Cusco: my first day at school

At 8:00 precisely on Monday morning, September the 19th, Adela and I set out for school. It was a short walk, only 15 minutes long. As we were walking the couple of yards, we came across Adela’s mom’s host student, Rachael, a college senior from NY. I bid Adela “hasta luego” and entered the school with Rachael.

We seated ourselves in the courtyard, which gradually filled with people. The first person I noticed was a German man with a unique face who was smoking. And the smoke was wafting up my nostrils. Ugh. Rachael and I exchanged basic life information, such as where we were from, et cetera. Upon hearing us talking in English, a lady with obviously dyed red hair exclaimed something to the effect of, “Oh! Someone who speaks English! Finally!” Then an older woman spoke up, stating that she spoke English, too.

Eventually, I was called to take the placement test. A Brazilian guy, who spoke excellent Spanish but no English, took the placement test at the same time as me. He finished in half an hour, while I took about 45 minutes and still managed to forget the entire conditional verb tense.

After our placement test the redheaded lady and the older lady joined the Brazilian guy and me for the orientation session. We introduced ourselves. I cannot remember the Brazilian guy’s name, but he stated that he was in Cusco with his girlfriend to learn more Spanish and that he worked as some sort of journalist, I think. Though I could not remember either of their names at first, the redheaded lady’s name was Lindsay and the older lady’s name was Elizabeth. They informed us in very broken Spanish that they were from England and Australia, respectively. The orientation session lasted at least an hour, during which time we were reminded to take taxis home at night, to not drink the water, to not put toilet paper in the toilet, and to be careful of pickpockets, amongst other things. The session also provided us with some less obvious information, such as the location of the most reliable banks and information about a general ticket to gain entrance to many popular tourist locations.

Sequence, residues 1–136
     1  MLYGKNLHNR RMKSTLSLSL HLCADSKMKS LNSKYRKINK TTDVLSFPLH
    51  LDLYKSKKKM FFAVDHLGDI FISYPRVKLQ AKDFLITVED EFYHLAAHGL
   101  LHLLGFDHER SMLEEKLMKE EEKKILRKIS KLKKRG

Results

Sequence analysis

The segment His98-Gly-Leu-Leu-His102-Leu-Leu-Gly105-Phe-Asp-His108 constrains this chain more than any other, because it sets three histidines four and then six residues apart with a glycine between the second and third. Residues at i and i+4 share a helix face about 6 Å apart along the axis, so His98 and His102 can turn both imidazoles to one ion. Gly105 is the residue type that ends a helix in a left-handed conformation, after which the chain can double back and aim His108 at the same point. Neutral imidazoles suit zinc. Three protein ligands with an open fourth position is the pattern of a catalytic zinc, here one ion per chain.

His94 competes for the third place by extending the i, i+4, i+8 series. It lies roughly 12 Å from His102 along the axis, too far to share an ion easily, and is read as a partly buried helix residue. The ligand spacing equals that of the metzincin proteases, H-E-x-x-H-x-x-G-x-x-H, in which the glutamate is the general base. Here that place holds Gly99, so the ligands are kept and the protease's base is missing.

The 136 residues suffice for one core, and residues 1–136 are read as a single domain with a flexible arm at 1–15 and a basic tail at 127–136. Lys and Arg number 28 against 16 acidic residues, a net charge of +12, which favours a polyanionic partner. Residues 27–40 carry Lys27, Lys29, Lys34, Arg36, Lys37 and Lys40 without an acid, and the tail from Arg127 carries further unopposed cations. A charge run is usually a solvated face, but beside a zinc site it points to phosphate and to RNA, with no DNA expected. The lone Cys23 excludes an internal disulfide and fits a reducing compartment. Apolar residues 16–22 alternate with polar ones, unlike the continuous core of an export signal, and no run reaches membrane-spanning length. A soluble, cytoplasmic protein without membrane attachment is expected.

As our final orientation day activity, we took an hour and forty-minute tour of Cusco. Our tour guide pointed out various historical places as well as those most reliable banks. On a few occaions our guide would request I help translate something he had said into English for the sake of my British and Australian companions, whose Spanish is only slightly worse than mine. Of course, nearly every time he wished me to help them understand something, usually during a rather lengthy explanation of something historical, I had zoned out and was drifting around in the hinterlands of my brain, thinking of other things. Despite my inability to focus on occasions and our mutual hunger for lunch during the last half hour of the tour, I think everyone enjoyed the tour.

I found my way home by myself with reasonable ease, confident I could figure it out even if I got lost, since I had my map and cell phone in my backpack.

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